How to get your old family pictures into your PC!

About storing old family pictures into your PC. - New version November 2005.

Nowadays most pictures inside a PC come from somebody's digital camera.
But in cabinets and boxes you have old pictures saved on film and paper!

Here is some basic knowledge on photo handling in a PC and on scanning photos from paper and film and also some basic things about scanners and their resolution.

You can store some 6000 pictures on a CD!

Do not forget to backup your pictures to a CD. Your hard disk may fail or its content may be destroyed by a virus program slipping into your PC.

But how many pictures can you actually store on a CD? A quite common resolution for a PC monitor screen is 1024 by 768 points. That will make 786.432 different points on the screen. A color picture requires three bytes (of eight bits each) for every point on the screen. If a photo covers the whole screen, you will ned 2.4 MB for that photo! Then there cannot be room for more than 270 photos on a 650 MB CD!? Eh?

How come? By saving your photos in a compressed format like .JPG, you can compress most pictures to the 10th or 20th part of their original size without seeing any difference compared to the original pictures. As a consequence you can store some 2000 or 6000 photos on a single CD! That means: On one single CD you can send ALL your holiday, Christmas and children photos you ever had to your mum or to your mother-in-law!

Photo editing with your PC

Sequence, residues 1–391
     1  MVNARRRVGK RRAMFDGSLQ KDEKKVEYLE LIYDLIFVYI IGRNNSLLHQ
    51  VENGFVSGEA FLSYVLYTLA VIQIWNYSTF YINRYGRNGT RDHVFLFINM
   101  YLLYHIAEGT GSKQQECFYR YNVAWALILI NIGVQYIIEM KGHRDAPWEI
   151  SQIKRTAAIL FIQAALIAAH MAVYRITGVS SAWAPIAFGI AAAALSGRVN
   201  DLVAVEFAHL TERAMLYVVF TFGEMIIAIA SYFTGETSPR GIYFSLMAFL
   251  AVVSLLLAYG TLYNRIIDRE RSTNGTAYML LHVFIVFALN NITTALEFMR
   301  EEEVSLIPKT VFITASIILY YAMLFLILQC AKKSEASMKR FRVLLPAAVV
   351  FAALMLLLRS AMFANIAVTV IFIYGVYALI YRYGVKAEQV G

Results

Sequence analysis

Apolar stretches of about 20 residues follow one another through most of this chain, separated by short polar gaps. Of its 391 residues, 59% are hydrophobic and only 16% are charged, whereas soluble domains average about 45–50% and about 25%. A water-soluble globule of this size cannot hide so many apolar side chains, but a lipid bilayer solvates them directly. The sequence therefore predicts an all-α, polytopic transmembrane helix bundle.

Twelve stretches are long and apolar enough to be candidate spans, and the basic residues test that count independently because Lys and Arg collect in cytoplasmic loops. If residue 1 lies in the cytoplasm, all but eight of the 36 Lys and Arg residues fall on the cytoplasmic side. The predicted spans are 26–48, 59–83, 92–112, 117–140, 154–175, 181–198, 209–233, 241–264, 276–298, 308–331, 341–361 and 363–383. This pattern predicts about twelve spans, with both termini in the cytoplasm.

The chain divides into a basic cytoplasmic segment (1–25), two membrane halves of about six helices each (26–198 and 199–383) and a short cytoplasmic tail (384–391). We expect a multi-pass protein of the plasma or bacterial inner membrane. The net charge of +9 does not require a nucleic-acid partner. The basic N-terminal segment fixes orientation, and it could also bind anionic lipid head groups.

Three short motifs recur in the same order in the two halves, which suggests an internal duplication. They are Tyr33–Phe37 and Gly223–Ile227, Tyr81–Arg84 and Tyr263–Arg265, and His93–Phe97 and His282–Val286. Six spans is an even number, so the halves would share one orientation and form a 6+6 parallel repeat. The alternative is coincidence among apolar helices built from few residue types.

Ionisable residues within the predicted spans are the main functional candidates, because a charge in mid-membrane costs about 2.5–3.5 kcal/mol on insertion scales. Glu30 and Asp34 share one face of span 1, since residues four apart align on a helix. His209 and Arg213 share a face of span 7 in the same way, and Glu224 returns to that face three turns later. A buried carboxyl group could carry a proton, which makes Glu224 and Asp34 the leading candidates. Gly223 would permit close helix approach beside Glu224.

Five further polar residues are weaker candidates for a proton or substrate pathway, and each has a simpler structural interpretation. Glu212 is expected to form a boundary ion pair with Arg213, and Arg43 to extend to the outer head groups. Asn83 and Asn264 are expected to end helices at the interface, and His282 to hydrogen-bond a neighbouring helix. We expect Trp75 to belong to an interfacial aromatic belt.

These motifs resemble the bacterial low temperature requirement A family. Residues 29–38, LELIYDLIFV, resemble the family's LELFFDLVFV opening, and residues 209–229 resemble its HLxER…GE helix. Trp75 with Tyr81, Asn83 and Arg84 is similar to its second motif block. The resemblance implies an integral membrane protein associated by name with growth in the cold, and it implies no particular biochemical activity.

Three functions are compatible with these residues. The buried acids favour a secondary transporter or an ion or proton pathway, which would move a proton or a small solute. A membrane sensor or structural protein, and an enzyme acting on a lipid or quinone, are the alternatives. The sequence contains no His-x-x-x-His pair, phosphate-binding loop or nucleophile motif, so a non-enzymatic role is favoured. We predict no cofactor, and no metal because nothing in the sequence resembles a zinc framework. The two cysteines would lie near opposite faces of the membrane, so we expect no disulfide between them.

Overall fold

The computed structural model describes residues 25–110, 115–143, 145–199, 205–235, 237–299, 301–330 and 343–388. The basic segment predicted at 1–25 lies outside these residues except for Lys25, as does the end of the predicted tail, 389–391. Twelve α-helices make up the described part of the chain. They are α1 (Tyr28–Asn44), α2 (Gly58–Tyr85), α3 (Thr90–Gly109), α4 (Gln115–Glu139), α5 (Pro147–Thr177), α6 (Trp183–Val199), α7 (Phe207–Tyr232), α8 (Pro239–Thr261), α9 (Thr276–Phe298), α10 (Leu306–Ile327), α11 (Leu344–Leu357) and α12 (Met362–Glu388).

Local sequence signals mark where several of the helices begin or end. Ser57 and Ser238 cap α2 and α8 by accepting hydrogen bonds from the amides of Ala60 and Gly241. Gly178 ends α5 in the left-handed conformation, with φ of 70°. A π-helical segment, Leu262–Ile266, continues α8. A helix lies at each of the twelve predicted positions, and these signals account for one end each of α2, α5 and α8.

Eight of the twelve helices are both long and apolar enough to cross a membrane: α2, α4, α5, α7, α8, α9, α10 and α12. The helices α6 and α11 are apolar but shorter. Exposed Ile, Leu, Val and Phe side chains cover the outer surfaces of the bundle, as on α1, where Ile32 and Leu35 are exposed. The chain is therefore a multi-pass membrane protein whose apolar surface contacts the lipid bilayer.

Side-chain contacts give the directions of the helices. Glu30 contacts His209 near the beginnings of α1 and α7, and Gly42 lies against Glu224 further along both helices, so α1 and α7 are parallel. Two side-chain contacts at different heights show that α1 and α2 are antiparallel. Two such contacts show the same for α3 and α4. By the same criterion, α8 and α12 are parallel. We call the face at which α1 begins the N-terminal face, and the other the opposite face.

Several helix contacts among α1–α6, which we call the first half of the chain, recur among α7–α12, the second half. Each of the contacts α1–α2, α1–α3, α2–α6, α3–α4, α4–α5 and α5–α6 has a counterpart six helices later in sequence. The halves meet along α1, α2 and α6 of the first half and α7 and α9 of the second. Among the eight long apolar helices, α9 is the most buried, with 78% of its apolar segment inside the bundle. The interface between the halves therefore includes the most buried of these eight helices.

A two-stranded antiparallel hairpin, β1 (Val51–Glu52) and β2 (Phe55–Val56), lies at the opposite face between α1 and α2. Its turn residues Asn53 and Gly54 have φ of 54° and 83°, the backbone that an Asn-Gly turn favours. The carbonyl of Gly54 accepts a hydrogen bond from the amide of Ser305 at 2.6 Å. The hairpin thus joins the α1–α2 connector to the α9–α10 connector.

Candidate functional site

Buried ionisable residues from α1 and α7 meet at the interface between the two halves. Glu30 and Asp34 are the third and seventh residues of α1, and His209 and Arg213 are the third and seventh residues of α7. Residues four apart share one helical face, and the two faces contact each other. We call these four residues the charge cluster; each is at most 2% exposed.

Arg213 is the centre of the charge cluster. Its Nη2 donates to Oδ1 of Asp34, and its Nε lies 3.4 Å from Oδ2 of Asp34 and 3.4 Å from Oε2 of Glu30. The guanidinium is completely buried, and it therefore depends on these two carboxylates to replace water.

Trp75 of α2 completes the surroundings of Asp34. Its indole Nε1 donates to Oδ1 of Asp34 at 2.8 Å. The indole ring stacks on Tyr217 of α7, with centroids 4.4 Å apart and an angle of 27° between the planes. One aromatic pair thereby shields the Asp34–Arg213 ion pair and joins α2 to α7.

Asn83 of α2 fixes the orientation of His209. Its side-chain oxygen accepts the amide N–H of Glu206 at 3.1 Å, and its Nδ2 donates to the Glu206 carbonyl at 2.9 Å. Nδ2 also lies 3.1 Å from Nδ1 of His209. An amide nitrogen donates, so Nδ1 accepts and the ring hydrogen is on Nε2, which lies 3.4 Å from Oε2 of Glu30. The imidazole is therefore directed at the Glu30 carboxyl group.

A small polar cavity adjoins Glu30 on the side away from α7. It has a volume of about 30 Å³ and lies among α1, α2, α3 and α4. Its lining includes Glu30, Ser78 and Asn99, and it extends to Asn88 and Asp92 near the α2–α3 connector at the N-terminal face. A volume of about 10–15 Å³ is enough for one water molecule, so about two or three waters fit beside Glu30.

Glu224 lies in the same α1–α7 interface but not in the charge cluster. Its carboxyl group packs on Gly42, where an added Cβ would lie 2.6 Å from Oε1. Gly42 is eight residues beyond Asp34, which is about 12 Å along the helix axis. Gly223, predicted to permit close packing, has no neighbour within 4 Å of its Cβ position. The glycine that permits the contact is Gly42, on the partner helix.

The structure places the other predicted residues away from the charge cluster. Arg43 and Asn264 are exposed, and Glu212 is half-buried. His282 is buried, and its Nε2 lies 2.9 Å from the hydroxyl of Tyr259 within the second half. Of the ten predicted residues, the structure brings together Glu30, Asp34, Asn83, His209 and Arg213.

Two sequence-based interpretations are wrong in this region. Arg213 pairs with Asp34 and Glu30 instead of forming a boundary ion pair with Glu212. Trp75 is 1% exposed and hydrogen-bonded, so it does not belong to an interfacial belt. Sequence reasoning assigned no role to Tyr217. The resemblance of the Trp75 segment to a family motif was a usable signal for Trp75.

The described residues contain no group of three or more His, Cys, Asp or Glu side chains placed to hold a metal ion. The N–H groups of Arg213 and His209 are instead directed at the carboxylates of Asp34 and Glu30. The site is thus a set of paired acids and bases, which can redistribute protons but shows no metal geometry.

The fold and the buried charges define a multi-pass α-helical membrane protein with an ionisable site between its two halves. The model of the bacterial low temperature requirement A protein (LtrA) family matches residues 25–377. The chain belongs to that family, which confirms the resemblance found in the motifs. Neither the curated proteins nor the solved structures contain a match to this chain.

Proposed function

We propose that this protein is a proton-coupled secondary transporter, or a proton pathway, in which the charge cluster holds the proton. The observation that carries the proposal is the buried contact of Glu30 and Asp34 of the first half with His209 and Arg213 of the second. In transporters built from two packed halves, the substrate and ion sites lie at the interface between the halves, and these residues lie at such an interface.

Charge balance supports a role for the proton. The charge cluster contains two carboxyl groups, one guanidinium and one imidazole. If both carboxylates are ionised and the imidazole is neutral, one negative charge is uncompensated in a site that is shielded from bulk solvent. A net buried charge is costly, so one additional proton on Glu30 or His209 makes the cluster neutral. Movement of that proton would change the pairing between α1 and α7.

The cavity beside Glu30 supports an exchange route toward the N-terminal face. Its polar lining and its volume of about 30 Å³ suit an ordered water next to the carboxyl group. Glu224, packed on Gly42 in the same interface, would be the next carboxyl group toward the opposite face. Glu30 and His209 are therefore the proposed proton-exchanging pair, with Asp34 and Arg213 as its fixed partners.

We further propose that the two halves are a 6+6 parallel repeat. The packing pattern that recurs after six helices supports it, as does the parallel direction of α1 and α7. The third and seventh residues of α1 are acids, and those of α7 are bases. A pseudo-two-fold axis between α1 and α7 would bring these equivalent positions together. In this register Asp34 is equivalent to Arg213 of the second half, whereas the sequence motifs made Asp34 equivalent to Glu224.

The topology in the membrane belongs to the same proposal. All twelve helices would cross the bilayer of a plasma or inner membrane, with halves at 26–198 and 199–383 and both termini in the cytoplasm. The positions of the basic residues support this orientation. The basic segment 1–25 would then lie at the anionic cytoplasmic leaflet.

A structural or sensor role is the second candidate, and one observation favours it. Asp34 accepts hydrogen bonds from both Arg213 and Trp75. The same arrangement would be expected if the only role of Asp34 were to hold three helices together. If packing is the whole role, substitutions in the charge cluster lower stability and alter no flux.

One of the most well known programs for photo editing is Adobe Photoshop. This is a very good program, but it is also very expensive. But there are several much less expensive alternatives, like Paint Shop Pro, Adobe Photoshop Elements and ThumbsPlus where you will find tools for picture editing and also tools for sorting and keeping order among your pictures.

About colour adjustments in a picture

Here is a simple rule on colour adjustments for a picture:
The primary colours used with a computer screen are RGB R=Red, G=Green, B=Blue
When printing on paper the complementary colours are used: CMYK C=Cyan (blueGreen), M=Magenta (redBlue), Y=Yellow, K= BlacK.
If you edit a picture and
... increase the amount of Red, then the amount of Cyan goes down.
... increase the amount of Green, then the amount of Magenta goes down.
... increase the amount of Blue, then the amount of Yellow goes down.

A mnemonic rule: RGB versus CMY

Sometimes it can be very difficult to adjust the colors in a photo because there are different type of faults in different parts of the photo. But "practice makes perfect".

The monitor

It is more fun to work with a large screen than with a small one. Some years ago only very big and clumsy screens with cathode ray tubes (CRT) were used for PC:s. Today the modern LCD screens are flat, slim and light and do not occupy much space on your desktop. But an old CRT-screen is often better than a bad LCD-screen. This is because the "viewing angle" is higher for the CRT-screen. With an old LCD screen the picture looks nice only when you sit exactly in front of the screen. If there are several people looking at the screen, then a CRT screen is usually superiour to an old LCD screen.